Wednesday, July 26, 2017

Dynamic nuclear polarization-magnetic resonance imaging at low ESR irradiation frequency for ascorbyl free radicals



Ito, S. and F. Hyodo, Dynamic nuclear polarization-magnetic resonance imaging at low ESR irradiation frequency for ascorbyl free radicals. Scientific Reports, 2016. 6: p. 21407.


Highly water-soluble ubiquinone-0 (CoQ0) reacts with ascorbate monoanion (Asc) to mediate the production of ascorbyl ree radicals (AFR). Using aqueous reaction mixture of CoQ0 and Asc, we obtained positively enhanced dynamic nuclear polarization (DNP)-magnetic resonance (MR) images of the AFR at low frequency (ranging from 515 to 530 MHz) of electron spin resonance (ESR) irradiation. The shape of the determined DNP spectrum was similar to ESR absorption spectra with doublet spectral peaks. The relative locational relationship of spectral peaks in the DNP spectra between the AFR (520 and 525 MHz), 14N-labeled carbamoyl-PROXYL (14N-CmP) (526.5 MHz), and Oxo63 (522 MHz) was different from that in the X-band ESR spectra, but were similar to that in the 300-MHz ESR spectra. The ratio of DNP enhancement to radical concentration for the AFR was higher than those for 14N-CmP, Oxo63, and flavin semiquinone radicals. The spectroscopic DNP properties observed for the AFR were essentially the same as those for AFR mediated by pyrroloquinoline quinone. Moreover, we made a success of in vivo DNP-MR imaging of the CoQ0-mediated AFR which was administered by the subcutaneous and oral injections as an imaging probe.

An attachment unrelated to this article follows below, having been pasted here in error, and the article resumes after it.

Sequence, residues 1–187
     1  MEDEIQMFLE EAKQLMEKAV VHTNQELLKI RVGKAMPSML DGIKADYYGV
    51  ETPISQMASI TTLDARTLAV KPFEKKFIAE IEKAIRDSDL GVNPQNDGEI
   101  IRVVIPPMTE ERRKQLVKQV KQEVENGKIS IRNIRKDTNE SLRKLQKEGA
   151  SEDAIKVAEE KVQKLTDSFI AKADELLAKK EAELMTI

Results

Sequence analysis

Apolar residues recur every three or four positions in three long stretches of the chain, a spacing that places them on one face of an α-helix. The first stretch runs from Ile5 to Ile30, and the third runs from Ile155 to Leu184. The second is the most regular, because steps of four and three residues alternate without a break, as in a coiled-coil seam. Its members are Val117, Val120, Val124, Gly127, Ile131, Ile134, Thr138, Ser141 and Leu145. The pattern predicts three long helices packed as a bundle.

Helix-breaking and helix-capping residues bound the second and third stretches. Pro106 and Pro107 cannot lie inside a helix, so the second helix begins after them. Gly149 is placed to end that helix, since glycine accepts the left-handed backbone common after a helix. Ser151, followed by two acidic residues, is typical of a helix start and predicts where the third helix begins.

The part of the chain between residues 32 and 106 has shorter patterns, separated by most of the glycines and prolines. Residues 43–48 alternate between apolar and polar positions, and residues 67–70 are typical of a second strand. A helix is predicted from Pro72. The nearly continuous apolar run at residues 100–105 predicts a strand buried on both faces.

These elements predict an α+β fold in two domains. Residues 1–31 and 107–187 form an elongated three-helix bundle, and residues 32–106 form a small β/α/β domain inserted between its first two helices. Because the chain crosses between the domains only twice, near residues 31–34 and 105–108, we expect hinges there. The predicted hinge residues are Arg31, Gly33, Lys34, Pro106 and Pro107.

[NMR] PhD position at the University of Warwick (September 2017 start)



Exploiting Very-Fast Magic-Angle Spinning NMR: Enabling New Applications to Pharmaceutical Chemistry and Life Sciences


A PhD position in The Molecular Analytical Science Centre for Doctoral Training at the University of Warwick is open for start in September 2017. After successfully completing 6 months of MSc modules, you will carry out a research project (further 3.5 years funding) in the Magnetic Resonance Laboratory under the supervision of Steven P. Brown (Physics) and Józef R. Lewandowski (Chemistry). Working together with Bruker, you will use state-of-the-art very-fast magic-angle spinning technologies in projects that develop and apply advanced solid-state NMR pulse sequences to pharmaceuticals and proteins. You should be from the UK or another European Union country. You need to have a first degree in a relevant scientific discipline (e.g., Physics, Chemistry) and be enthusiastic to work on a project that combines experiment with computer simulation and show a keenness to understand the underlying quantum phenomena that enables NMR to be applied to these important application areas.